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6. How to determine if a product is a medical device

Last Updated on 22/08/2023 by Sarah Sarsby

Classification of Medical Device – EU Guidance Document: To determine if a product is a medical device and, if so, into which Class it fits (per Section 2 above), MHRA recommends this PDF Guidance Document from the original EU MDD legislation. On pp. 17-22 of the PDF, accessible via the “Download PDF rendition” link on the page, are flowcharts showing all device categories (Classes I-III) and definitions; pp. 23 ff. then list the rules governing each Class definition and gives examples of devices that fall into each category.

Borderline and Classification Issues for IVDs – EU Guidance Document: To determine if a product is an IVD and, if so, into which Class it fits.

MHRA – Borderlines with Medical Devices and MedicinesFor more information on the distinction between medicines and medical device, see MHRA guidance Borderlines between medical devices and medicinal products.

MHRA – Borderline Products: Here MHRA set out how they make decisions on whether a product is a medical device for the purposes of UK legislation/regulation, and into which Class a medical device should fall, based on risk.

MHRA – Borderlines with Medical Devices and Other Products: MHRA guidance to assist in determining whether a product falls within the definition of a medical device for the purposes of UK legislation/regulation. See especially:

Section 5 – Assistive technology products (aids for daily living)

Equipment intended for alleviation of, or compensation for a disability may or may not be considered medical devices.  The determining factor will be whether or not there is a direct link between the corrective function of the equipment and the individual concerned and whether there is a stated medical purpose.  The following products are considered to be medical devices as there is such a direct link:

  • Baths with integral hoists
  • External limb prostheses and accessories
  • Hearing aids
  • Mobility aids for the visually impaired
  • Orthopaedic footwear
  • Orthoses (lower/upper limb, spinal, abdominal, neck, head)
  • Patient hoists
  • Rehabilitation tricycles / mobility carts
  • Walking / standing frames
  • Walking sticks / crutches
  • Wheelchairs

Other products, however, will be considered as ‘general equipment’ since it may be used ‘by all’ (rather than having a direct link with the individual concerned).  Such products are usually considered as ‘aids for daily living’ and are not medical devices, for example:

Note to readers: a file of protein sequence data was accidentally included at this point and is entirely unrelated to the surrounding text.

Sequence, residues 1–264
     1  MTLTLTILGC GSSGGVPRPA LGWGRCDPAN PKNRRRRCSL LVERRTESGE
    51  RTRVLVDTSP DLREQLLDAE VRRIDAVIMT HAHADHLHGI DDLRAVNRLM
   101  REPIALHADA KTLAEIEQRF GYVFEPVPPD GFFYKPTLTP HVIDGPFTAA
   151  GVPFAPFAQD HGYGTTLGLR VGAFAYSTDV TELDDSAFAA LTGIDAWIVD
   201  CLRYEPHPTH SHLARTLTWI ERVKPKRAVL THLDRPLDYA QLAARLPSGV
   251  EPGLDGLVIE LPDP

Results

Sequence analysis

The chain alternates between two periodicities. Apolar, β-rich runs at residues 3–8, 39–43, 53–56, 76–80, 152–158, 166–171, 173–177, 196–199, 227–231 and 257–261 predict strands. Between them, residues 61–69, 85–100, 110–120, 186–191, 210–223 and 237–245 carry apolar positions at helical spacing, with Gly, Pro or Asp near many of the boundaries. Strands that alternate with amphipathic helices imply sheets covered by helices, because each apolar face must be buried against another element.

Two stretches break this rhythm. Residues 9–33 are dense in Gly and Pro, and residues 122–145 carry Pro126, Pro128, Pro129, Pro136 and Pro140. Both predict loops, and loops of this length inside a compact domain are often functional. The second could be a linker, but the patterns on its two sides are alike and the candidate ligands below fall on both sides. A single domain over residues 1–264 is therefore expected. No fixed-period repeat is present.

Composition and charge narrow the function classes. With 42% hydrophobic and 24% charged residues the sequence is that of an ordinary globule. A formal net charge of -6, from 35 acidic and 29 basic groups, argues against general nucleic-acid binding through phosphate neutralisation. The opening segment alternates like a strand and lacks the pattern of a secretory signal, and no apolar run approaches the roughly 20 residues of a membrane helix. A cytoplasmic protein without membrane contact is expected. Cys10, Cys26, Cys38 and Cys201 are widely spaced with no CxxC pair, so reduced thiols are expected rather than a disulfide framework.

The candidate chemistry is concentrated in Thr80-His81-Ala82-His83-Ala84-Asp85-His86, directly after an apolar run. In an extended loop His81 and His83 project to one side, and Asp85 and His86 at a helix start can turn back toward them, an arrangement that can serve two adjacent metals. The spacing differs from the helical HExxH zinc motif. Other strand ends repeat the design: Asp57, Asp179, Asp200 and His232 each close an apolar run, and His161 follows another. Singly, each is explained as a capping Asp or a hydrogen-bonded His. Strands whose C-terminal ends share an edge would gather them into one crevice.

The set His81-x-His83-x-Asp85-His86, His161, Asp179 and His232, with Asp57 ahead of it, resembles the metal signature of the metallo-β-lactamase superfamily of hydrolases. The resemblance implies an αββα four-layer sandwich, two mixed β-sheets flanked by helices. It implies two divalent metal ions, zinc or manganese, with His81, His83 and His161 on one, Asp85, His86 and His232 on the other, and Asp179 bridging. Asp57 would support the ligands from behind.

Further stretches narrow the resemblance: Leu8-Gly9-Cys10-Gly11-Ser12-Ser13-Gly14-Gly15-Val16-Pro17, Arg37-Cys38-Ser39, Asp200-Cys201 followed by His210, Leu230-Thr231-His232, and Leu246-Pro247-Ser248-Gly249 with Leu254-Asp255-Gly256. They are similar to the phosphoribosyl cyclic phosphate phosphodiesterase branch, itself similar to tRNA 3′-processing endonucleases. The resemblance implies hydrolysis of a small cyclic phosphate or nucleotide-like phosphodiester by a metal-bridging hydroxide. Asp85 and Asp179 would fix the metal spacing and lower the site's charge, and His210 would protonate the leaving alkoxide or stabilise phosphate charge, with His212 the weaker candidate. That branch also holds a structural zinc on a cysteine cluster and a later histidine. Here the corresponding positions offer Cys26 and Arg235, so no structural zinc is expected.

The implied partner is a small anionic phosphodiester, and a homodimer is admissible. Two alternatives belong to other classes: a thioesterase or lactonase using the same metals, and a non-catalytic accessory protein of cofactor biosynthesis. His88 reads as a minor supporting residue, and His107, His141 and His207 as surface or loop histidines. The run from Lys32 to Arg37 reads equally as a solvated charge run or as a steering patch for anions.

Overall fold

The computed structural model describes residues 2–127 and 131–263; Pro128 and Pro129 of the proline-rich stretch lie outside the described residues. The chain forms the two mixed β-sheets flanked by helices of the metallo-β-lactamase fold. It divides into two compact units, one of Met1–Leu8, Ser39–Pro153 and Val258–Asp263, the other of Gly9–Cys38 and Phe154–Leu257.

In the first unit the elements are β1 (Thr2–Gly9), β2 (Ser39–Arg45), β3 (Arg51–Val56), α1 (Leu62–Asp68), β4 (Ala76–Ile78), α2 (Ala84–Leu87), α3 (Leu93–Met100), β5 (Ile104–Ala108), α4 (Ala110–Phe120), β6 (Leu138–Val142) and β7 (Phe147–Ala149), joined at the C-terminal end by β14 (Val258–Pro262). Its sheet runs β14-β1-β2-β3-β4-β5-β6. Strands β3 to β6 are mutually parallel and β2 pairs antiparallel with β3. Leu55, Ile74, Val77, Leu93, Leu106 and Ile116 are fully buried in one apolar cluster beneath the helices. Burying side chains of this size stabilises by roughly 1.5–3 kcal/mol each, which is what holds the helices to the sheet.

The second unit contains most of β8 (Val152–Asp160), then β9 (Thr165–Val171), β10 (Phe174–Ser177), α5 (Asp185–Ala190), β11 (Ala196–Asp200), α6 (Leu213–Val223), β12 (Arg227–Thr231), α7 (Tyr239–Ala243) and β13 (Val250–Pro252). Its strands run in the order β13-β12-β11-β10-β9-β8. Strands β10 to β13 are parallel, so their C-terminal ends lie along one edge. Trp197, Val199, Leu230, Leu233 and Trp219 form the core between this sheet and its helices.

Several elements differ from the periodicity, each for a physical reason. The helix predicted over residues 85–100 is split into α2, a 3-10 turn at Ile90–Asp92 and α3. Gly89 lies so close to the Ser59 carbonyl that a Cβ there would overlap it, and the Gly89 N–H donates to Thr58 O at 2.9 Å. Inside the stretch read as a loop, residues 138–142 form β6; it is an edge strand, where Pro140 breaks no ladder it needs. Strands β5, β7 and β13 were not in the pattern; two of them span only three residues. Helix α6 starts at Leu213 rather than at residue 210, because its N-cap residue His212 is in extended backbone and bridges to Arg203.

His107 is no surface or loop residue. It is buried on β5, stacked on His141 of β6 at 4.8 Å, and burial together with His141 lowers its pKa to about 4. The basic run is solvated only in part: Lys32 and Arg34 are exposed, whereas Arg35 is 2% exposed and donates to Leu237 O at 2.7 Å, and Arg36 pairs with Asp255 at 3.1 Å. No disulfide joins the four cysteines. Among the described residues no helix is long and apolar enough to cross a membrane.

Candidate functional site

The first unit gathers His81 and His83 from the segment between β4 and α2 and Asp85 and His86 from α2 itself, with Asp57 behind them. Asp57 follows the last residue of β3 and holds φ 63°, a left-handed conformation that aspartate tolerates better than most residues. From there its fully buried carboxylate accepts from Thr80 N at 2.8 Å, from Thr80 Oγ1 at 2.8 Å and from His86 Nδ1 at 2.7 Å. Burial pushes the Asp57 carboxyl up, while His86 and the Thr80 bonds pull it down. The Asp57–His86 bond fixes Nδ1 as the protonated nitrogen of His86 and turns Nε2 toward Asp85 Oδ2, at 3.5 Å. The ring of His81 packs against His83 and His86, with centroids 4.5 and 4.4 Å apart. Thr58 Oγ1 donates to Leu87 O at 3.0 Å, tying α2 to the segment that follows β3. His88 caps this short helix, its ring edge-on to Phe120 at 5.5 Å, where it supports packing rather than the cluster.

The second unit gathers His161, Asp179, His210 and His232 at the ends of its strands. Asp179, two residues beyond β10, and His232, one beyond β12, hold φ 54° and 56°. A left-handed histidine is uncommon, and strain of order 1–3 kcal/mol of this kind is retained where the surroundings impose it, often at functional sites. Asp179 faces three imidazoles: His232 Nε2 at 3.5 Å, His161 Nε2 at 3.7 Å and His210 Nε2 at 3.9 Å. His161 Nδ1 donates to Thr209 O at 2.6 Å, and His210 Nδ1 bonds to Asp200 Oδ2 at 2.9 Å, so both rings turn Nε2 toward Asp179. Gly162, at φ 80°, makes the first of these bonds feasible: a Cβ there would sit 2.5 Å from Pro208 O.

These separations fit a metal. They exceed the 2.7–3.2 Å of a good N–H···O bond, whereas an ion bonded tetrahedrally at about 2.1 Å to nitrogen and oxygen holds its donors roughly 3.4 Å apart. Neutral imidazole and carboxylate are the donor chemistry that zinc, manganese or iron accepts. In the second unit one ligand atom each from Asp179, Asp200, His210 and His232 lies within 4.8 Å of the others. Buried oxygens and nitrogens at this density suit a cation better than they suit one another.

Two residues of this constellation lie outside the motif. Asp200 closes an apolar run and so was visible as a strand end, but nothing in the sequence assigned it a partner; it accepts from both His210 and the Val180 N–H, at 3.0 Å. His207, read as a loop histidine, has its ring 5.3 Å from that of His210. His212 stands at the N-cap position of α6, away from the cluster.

• Acoustic signals at traffic lights
  • Baths with doors
  • Grab rails (at doorways, stairs etc.)
  • Personal alarm systems / home alarm systems
  • Portable ramps
  • Special water taps
  • Stair lifts
  • Toilet equipment for the disabled / elderly (e.g. toilet seats, shower seats, commodes)
Medical device - patient hoist image

Assistive Technology – Definition and Safe Use:  MHRA further defines what it considers a medical device in the context of assistive technologies.  In addition to the examples in the borderlines guidance above, see especially its definitions of:

Assistive technology products that are medical devices:

  • Communication aids
  • Epilepsy / enuresis monitors
  • Pressure management devices (pressure redistribution/relief cushions and mattresses)
  • Posture management devices (from simple cushions to complex support systems)
  • Slider boards
  • Standing aids
  • Sport-model wheelchairs

Aids to daily living products that are not medical devices:

  • Bariatric chairs and stools
  • Chair risers
  • Fall alarms
  • Wheelchair vehicle restraints
  • Rise-and-recline chairs
  • Shower chairs

If – after reviewing the guidance above – clarification is still required as to whether a product is a medical device, or into which risk class a medical device falls, you may email including full details of the product, its intended purpose and how it works.

UK law – Medical Devices Regulations 2002 (SI 2002 No. 618, as amended (UK MDR 2002)) – defines “medical device” as:

An instrument, apparatus, appliance, material or other article, whether used alone or in combination, together with any software necessary for its proper application, which—

(a) is intended by the manufacturer to be used for human beings for the purpose of-

(i) diagnosis, prevention, monitoring, treatment or alleviation of disease,

(ii) diagnosis, monitoring, treatment, alleviation of or compensation for an injury or handicap,

(iii) investigation, replacement or modification of the anatomy or of a physiological process, or

(iv) control of conception; and

(b) does not achieve its principal intended action in or on the human body by pharmacological, immunological or metabolic means, even if it is assisted in its function by such means,

and includes devices intended to administer a medicinal product or which incorporate as an integral part a substance which, if used separately, would be a medicinal product and which is liable to act upon the body with action ancillary to that of the device.